Methane is the second most important anthropogenic greenhouse gas after CO2. As a short-lived climate forcing agent (lifetime ~10 years), it provides a lever for slowing near-term climate change. Major anthropogenic sources of methane include oil/gas exploration and use, livestock, landfills, coal mining, and rice cultivation. Wetlands are the dominant natural source. The magnitude and spatial distribution of methane sources is highly uncertain and difficult to constrain.
Fig. Simulated methane concentrations using emissions constrained by satellite observations.
The hydroxyl radical (OH) is the primary oxidant for a number of non-CO2 greenhouse gases and CFCs. It also regulates the production of tropospheric ozone, a leading pollutant. As such, changes in tropospheric OH could have large implications for both future climate and air quality. However we currently lack a predictive understanding of OH on decadal-to-centennial timescales, evidenced by the disagreement between global models in their simulation of OH.
Fig. OH concentrations in a 6000 year equilibrium simulation with a coupled chemistry-climate model.
Carbon dioxide (CO2) is an atmospheric trace gas and the largest anthropogenic radiative forcer. CO2 levels have increased from 280 ppm in pre-industrial times to greater than 400 ppm in the present, largely due to changes in fossil fuel emissions, and can be measured via ground stations, aircraft, and satellites. The paradigm in ground-based trace gas measurements has been to employ a sparse network of high-precision instruments that can be used to measure atmospheric concentrations. These concentrations are then used to estimate emission fluxes, validate numerical models, and quantify changes in physical processes. However, the BEACO2N project (http://beacon.berkeley.edu/Overview.aspx) aims to provide a better understanding of the emissions and physical processes governing CO2 by deploying a high density of moderate-precision instruments.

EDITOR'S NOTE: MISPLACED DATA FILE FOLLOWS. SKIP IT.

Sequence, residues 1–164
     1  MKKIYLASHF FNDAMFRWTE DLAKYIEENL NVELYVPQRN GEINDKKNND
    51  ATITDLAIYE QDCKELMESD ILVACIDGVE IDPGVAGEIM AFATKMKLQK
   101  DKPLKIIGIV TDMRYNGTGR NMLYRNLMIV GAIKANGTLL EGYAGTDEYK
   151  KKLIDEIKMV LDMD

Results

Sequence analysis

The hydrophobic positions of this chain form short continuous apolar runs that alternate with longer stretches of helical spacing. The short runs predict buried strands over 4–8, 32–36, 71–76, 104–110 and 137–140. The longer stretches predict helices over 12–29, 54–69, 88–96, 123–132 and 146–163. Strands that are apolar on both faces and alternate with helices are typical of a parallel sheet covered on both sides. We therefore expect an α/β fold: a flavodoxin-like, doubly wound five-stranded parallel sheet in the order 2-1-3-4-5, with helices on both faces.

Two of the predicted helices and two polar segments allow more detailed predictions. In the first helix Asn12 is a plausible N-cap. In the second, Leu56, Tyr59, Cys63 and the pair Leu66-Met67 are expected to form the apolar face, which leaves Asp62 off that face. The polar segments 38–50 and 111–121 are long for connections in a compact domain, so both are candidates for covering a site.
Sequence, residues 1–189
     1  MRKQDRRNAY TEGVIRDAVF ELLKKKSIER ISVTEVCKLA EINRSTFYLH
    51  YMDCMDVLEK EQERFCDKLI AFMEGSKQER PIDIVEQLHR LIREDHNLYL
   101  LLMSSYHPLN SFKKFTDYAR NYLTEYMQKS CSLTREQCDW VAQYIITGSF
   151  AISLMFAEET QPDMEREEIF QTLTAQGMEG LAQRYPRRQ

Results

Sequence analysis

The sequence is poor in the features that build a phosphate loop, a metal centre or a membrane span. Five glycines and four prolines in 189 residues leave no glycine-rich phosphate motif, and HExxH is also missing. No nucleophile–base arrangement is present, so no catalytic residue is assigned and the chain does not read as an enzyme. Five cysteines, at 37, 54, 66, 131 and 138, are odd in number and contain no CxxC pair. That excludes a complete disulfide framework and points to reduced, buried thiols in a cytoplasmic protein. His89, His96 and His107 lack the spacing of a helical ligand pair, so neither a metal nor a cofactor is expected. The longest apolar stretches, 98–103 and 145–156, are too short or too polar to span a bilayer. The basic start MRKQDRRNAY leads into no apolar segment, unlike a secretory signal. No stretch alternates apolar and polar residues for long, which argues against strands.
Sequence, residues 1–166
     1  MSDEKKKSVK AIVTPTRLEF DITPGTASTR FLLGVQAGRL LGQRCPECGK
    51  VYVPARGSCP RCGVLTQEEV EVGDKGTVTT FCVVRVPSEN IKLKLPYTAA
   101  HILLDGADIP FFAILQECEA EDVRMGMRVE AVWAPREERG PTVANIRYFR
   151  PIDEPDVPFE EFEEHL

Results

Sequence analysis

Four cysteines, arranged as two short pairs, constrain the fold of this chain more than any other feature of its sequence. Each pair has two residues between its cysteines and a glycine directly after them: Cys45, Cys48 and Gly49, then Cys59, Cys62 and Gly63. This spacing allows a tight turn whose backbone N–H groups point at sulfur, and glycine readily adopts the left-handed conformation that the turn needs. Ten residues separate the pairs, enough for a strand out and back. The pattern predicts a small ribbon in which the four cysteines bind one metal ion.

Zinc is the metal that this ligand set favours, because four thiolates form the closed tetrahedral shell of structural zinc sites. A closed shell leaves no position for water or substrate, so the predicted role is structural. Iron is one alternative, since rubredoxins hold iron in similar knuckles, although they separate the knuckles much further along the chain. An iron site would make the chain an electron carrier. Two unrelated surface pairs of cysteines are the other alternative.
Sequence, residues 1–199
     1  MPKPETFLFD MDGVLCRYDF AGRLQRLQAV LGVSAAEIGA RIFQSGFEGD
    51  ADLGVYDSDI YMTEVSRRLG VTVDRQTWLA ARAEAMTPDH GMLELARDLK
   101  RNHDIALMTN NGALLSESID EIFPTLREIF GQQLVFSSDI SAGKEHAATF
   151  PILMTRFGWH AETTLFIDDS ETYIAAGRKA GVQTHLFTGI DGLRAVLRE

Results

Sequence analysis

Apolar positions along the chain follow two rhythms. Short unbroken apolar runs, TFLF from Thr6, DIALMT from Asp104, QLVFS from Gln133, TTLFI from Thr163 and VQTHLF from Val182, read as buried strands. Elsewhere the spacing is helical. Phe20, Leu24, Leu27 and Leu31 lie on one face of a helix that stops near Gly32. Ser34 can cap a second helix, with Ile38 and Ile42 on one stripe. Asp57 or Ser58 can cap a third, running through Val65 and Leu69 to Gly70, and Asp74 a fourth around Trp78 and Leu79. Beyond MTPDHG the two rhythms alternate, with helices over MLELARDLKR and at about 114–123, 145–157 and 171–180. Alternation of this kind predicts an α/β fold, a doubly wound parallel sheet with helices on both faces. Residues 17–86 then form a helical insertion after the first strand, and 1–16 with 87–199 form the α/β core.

Fig. Satellite measurements related to photosynthetic activity.
Inverse models quantify the state variables driving the evolution of a physical system by using observations of that system. This requires a physical model that relates a set of input variables (state vector) to a set of output variables (observation vector). A critical step in solving the inverse problem is determining the amount of information contained in the observations and formulating the problem in a tractable manner. This is a non-trivial problem when both the input and output variables are high-dimensional, as is commonly encountered in atmospheric science.
Fig. Illustration of using a Gaussian mixture model and radial basis functions for defining the state vector.